By the time this page is read, the Armenian Genocide Resolution in Congress may be a done deal – or a dead horse. We go to press on Wednesday, the day before the bill comes up before the House of Representatives Foreign Affairs Committee.
Some 1.5 million Armenians were reportedly massacred by the Ottoman Turks in 1915, and as the Jewish War Veterans of the USA put it, in a statement released on Wednesdayparaphrasing Gertrude Stein, “A genocide is a genocide is a genocide.” (You could also say, “If it walks like a duckâ€¦.”)
While Turkey acknowledges the World War I-era deaths of many Armenians, it claims they were due to civil war and unrest. It does not buy the genocide label and has been fighting against it for decades.
It’s been tricky for the Jewish community to take sides. Genocide is “our” issue. The very word was coined, by Polish-Jewish lawyer Raphael Lemkin in his 1944 book “Axis Rule in Europe,” in response to the Holocaust. And the United Nations’ Genocide Convention – outlawing mass murder and similar actions causing bodily or spiritual harm to ethnic and other groups – also rose in reaction to the Shoah. The awareness – and, it is hoped, the prevention – of this particular, grievous kind of crime is a legacy inherited from the 6 million.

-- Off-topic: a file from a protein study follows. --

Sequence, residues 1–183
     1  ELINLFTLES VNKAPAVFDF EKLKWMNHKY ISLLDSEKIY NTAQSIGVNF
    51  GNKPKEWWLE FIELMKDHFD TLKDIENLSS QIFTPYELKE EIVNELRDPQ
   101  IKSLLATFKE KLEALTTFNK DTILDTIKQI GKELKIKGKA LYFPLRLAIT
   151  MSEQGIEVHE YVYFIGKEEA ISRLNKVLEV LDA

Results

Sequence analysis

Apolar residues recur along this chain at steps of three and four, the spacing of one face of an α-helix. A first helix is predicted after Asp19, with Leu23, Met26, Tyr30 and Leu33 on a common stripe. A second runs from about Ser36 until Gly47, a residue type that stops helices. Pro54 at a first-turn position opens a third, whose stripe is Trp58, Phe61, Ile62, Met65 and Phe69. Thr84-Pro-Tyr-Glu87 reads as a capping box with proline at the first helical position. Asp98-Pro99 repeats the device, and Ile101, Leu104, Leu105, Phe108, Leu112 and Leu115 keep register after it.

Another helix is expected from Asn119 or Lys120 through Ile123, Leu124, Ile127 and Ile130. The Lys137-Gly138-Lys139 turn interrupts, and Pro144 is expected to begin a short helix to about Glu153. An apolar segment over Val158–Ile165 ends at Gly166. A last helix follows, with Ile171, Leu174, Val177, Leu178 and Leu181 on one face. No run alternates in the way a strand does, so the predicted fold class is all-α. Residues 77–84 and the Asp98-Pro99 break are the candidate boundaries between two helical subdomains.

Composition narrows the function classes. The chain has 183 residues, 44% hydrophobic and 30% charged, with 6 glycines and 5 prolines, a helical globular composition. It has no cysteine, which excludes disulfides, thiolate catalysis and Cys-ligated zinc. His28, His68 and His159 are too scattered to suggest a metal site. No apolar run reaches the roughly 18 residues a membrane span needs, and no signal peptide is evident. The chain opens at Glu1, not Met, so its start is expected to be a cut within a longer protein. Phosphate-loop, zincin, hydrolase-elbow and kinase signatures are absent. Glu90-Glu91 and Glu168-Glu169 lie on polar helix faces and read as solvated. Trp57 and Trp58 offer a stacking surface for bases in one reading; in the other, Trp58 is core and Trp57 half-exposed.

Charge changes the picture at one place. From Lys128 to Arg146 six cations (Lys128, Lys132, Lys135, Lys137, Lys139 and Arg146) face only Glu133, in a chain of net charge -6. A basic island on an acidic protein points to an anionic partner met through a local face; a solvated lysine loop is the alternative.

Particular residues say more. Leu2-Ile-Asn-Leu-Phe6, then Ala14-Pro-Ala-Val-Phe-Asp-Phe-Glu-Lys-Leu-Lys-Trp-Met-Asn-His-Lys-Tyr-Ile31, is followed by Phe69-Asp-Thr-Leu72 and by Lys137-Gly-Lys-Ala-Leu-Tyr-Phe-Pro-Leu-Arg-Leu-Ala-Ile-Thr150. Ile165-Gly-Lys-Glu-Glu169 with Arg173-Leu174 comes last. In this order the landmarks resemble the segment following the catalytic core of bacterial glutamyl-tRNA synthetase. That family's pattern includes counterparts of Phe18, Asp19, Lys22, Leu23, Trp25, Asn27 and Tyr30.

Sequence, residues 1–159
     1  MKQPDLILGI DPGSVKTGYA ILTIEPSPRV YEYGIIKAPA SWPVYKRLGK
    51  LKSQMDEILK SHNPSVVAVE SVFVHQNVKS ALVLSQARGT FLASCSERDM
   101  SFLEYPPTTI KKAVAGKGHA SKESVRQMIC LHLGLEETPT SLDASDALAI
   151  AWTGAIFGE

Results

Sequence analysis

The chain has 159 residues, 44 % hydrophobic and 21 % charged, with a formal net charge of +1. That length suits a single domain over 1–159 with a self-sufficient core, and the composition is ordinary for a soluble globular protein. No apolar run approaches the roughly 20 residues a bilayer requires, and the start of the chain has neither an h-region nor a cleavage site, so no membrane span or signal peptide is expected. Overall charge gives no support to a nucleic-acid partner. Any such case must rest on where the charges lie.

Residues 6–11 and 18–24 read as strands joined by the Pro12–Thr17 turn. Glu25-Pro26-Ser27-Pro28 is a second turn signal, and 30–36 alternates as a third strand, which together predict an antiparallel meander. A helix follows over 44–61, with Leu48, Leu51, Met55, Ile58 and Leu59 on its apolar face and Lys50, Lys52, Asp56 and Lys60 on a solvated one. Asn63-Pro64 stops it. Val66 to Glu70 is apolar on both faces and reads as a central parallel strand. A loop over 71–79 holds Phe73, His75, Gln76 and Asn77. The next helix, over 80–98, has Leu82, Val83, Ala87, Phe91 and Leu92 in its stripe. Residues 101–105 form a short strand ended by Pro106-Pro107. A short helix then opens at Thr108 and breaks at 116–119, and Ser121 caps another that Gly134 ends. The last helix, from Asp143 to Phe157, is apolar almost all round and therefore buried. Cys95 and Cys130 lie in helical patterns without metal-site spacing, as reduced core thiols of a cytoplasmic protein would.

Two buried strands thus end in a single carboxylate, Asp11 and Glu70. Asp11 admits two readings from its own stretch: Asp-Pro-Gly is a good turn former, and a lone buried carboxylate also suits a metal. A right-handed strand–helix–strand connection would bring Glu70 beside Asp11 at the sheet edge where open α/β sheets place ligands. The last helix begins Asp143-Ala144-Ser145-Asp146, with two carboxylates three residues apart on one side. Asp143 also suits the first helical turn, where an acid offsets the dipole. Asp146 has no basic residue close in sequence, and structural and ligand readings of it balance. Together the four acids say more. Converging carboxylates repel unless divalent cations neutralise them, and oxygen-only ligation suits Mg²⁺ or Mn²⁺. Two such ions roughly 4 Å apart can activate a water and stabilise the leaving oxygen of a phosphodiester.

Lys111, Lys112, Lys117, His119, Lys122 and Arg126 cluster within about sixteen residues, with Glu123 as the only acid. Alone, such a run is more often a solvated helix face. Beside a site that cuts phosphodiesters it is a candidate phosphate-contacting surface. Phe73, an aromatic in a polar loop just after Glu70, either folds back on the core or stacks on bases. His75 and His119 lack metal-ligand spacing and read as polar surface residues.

Yet for fear that Israel’s relations with Turkey will be further strained, Jewish leaders tiptoe around the topic. The United States is also loath to offend an ally, and Congress has defeated this resolution every time Americans of Armenian heritage have pressed for its adoption.
In an interesting opinion piece we’ve posted on our Website (jstandard.com), Shoshana Bryen, senior director for security policy of the Journal of International Security Affairs, cogently argues that “The ‘Armenian Resolution’ should be opposed and defeated.”
Her main points are persuasive but not entirely convincing: 1. that “[t]he Congress of the United States is not the place to debate the history of other people in other times,” and 2. that “[t]he Ottoman and Soviet empires are gone; Turkey and Armenia are independent countries. Their governments have to find whatever understanding and accommodation are possible.”
While the latter point is undeniably true, the former misses the point – genocide is a horror and must be acknowledged and repudiated.